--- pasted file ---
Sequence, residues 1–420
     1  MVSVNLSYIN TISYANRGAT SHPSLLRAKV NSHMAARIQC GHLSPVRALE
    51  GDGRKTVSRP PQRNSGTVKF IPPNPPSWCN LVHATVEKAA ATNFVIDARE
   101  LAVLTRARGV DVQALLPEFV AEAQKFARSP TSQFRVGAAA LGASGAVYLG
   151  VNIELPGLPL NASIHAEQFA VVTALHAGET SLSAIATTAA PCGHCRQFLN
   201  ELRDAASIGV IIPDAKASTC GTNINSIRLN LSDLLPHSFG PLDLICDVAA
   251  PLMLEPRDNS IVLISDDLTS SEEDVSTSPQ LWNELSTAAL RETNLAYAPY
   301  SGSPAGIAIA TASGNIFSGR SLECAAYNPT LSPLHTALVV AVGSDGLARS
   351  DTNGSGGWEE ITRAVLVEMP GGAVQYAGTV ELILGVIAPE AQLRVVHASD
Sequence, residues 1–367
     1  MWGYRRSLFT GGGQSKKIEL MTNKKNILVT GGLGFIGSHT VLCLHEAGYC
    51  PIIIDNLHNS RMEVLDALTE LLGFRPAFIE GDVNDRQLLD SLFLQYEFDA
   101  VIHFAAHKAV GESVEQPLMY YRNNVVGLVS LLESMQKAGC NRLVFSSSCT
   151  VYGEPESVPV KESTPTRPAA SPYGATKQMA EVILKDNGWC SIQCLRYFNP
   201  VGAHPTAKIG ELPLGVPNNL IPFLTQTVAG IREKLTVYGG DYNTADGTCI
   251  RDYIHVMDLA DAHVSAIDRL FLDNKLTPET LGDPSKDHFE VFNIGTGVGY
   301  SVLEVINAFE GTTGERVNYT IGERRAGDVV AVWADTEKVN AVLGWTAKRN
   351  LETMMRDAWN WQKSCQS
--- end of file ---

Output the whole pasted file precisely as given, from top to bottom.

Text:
Sequence, residues 1–420
     1  MVSVNLSYIN TISYANRGAT SHPSLLRAKV NSHMAARIQC GHLSPVRALE
    51  GDGRKTVSRP PQRNSGTVKF IPPNPPSWCN LVHATVEKAA ATNFVIDARE
   101  LAVLTRARGV DVQALLPEFV AEAQKFARSP TSQFRVGAAA LGASGAVYLG
   151  VNIELPGLPL NASIHAEQFA VVTALHAGET SLSAIATTAA PCGHCRQFLN
   201  ELRDAASIGV IIPDAKASTC GTNINSIRLN LSDLLPHSFG PLDLICDVAA
   251  PLMLEPRDNS IVLISDDLTS SEEDVSTSPQ LWNELSTAAL RETNLAYAPY
   301  SGSPAGIAIA TASGNIFSGR SLECAAYNPT LSPLHTALVV AVGSDGLARS
   351  DTNGSGGWEE ITRAVLVEMP GGAVQYAGTV ELILGVIAPE AQLRVVHASD
Sequence, residues 1–367
     1  MWGYRRSLFT GGGQSKKIEL MTNKKNILVT GGLGFIGSHT VLCLHEAGYC
    51  PIIIDNLHNS RMEVLDALTE LLGFRPAFIE GDVNDRQLLD SLFLQYEFDA
   101  VIHFAAHKAV GESVEQPLMY YRNNVVGLVS LLESMQKAGC NRLVFSSSCT
   151  VYGEPESVPV KESTPTRPAA SPYGATKQMA EVILKDNGWC SIQCLRYFNP
   201  VGAHPTAKIG ELPLGVPNNL IPFLTQTVAG IREKLTVYGG DYNTADGTCI
   251  RDYIHVMDLA DAHVSAIDRL FLDNKLTPET LGDPSKDHFE VFNIGTGVGY
   301  SVLEVINAFE GTTGERVNYT IGERRAGDVV AVWADTEKVN AVLGWTAKRN
   351  LETMMRDAWN WQKSCQS